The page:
How much of the calcium in the UK diet comes from dairy?
Dairy is the major source of calcium in the UK diet. It provides adults with over a third of the calcium they need (16). Most of that comes from milk and cream. Cheese is the other big source. 7% of our daily calcium intake comes just from cheddar!
And milk is even more important to children. Dairy provides over half of a toddlers’ calcium – most of it from milk (17). As children grow up and expand their diet, they rely a little less on milk for their calcium needs. But as fast-growing adolescents, this reduced milk intake is potentially detrimental. Without milk, they can struggle to eat enough calcium for their developing bones.
Dairy Alternatives aren’t guaranteed to contain much calcium
Consumer demand for non-dairy alternatives has increased availability. You now have a wide choice of non-dairy milks, yoghurts and cheese. But these products don’t naturally contain as much calcium as true dairy.
If you are doing a like for like swap to dairy-free, read the labels carefully. Some dairy alternatives are fortified with calcium. But fortification is voluntary, so not all manufacturers add calcium. And fortification rates are not uniform. The Alpro brand does fortify their yoghurts and milk alternatives.
As yet, I haven’t come across any calcium-fortified, dairy-free cheeses.
The importance of wheat
Grains are not naturally high in calcium. Yet almost another third of UK calcium intake comes from cereal products. More specifically wheat flour.
Since the second world war calcium has been added to wheat flour. Today, UK manufacturers are legally required to all fortify wheat flours except wholemeal.
By law, flour is fortified with iron, thiamine, niacin and calcium.
Most flours have the highly nutritious germ and bran removed in the milling process. Fortification replaces some of the lost nutrients. The legal requirement for calcium is 235-390mg/100 grams (18).
Fortification makes flour a great source of calcium. Unfortunately, most flour is used to produce highly processed foods. Foods with little nutritional benefit beyond fortification to recommend them.
Wholemeal flour, as the name suggests, is made from the whole grain. Keeping the germ and bran retains the micronutrient content of the flour.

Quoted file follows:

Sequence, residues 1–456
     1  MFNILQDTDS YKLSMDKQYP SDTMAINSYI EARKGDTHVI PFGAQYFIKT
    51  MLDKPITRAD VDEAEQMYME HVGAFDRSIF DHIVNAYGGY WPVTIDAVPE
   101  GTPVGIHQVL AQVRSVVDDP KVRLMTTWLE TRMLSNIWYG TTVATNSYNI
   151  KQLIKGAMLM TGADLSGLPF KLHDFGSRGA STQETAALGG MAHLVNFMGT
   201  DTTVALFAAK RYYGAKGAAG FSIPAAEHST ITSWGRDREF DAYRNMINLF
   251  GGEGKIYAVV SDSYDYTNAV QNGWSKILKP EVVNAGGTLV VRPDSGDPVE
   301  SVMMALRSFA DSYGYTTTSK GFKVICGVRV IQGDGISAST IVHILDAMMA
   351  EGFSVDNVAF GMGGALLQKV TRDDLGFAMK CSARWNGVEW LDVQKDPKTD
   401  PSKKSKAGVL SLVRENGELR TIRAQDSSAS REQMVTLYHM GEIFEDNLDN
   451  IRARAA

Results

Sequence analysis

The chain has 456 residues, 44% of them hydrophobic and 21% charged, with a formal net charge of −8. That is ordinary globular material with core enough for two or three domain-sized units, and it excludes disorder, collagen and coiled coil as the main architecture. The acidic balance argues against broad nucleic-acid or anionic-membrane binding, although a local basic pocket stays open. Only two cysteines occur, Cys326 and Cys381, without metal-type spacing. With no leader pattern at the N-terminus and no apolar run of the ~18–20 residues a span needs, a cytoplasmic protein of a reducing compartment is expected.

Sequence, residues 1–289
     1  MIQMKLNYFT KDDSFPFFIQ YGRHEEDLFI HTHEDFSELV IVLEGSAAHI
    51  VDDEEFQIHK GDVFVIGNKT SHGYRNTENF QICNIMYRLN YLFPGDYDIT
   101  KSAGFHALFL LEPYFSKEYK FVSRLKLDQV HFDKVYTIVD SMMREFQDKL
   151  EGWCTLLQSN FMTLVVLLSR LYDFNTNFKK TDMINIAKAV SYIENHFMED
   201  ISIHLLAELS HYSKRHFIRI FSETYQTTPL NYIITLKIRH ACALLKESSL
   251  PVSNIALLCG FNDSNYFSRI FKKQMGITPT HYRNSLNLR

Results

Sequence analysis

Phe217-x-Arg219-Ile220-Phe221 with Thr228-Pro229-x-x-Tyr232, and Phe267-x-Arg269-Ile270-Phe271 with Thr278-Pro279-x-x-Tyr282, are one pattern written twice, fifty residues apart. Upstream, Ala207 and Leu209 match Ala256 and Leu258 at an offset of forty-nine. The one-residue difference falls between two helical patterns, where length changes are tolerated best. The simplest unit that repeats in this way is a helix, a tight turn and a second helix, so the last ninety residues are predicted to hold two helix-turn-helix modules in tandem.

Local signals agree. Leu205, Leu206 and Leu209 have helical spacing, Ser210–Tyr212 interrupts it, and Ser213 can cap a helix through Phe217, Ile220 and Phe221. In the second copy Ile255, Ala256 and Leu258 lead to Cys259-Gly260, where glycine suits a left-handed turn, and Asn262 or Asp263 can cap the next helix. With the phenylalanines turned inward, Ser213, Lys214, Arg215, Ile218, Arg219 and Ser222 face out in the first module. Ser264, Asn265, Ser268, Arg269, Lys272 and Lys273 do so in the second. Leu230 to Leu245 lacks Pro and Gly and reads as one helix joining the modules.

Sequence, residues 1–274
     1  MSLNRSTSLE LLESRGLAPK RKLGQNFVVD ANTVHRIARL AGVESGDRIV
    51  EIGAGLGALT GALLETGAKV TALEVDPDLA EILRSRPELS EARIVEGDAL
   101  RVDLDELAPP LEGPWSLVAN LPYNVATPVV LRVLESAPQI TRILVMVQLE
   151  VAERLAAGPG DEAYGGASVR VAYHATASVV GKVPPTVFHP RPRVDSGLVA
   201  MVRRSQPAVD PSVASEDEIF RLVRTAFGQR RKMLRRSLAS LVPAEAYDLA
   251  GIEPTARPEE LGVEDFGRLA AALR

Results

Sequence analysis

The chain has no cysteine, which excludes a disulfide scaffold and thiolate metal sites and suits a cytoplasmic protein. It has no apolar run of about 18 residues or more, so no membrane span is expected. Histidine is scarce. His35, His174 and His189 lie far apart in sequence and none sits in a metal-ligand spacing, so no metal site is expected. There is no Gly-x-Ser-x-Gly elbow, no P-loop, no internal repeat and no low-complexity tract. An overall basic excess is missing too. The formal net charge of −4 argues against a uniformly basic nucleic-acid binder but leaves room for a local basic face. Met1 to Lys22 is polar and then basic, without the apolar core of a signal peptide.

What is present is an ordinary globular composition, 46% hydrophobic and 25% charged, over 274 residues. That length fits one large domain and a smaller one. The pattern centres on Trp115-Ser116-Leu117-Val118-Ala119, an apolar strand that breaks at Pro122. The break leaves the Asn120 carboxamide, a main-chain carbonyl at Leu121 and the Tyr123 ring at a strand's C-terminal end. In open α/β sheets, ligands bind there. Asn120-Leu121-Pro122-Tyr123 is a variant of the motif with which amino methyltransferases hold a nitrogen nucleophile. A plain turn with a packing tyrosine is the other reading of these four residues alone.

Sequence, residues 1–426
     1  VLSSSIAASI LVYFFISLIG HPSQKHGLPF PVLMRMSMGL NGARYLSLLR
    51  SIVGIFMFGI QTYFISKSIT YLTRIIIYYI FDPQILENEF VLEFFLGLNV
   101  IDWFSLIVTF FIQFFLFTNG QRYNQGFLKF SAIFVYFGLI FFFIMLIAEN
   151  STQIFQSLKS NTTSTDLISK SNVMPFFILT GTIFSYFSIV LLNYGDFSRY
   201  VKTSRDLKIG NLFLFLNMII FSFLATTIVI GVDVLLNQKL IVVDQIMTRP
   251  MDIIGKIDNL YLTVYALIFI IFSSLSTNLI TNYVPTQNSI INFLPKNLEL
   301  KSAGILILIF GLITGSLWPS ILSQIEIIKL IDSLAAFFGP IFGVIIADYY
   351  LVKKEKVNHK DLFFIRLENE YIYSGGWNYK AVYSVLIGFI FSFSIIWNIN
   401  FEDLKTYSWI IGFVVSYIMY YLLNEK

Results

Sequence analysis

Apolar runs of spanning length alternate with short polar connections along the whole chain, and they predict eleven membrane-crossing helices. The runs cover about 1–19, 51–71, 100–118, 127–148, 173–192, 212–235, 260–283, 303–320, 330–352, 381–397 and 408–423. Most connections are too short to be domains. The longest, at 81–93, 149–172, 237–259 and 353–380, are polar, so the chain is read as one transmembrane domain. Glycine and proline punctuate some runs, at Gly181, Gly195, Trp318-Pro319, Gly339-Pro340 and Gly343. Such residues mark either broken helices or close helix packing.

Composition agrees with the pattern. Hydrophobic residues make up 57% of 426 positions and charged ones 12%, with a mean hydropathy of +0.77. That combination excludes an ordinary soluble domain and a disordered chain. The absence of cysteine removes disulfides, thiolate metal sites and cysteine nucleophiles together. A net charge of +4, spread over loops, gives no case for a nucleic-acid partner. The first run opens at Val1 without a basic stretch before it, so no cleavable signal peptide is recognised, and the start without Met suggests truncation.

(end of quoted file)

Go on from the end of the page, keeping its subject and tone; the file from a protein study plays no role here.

Consequently, fortification isn’t a legal requirement for wholemeal flour. And wholemeal has a little less calcium than its refined, fortified cousin. But the bioavailability of the calcium is higher. That makes it a better source of calcium.
One more reason I’d recommend grabbing the wholemeal and leaving the white flour on the shelf.
Gluten-free and calcium
Around 1% of the UK population has coeliac disease (19), a serious, life-long autoimmune condition. Coeliac disease is treated by excluding gluten from the diet. However, many more people exclude some or all wheat from their diet on health grounds (20).
This increased demand has driven an explosion in gluten-free products in our supermarkets. And they taste far better than they used to – great news for coeliacs. But there’s no legal requirement for fortification and very few are (21).
On a gluten-free diet, you can’t rely on bread or pasta substitutes for your calcium intake. Read the labels carefully. Fortification is voluntary and not universal.
What makes a good non-dairy or gluten-free source of calcium?
And a normal portion needs to make a significant calcium contribution to your diet.
Take black peppercorns. They’re one of my favourite seasonings. And black pepper packs a mighty impressive 443mg of calcium per 100g. That’s more than half the daily recommendation! But a few twists of a pepper mill over your food is only 0.1-0.2g. And that’s only worth around 0.5mg of calcium. Not such an impressive calcium source after all!
Comparing calcium sources
The table below compares the bioavailability of allegedly good sources of calcium with dairy and wheat flour (bread).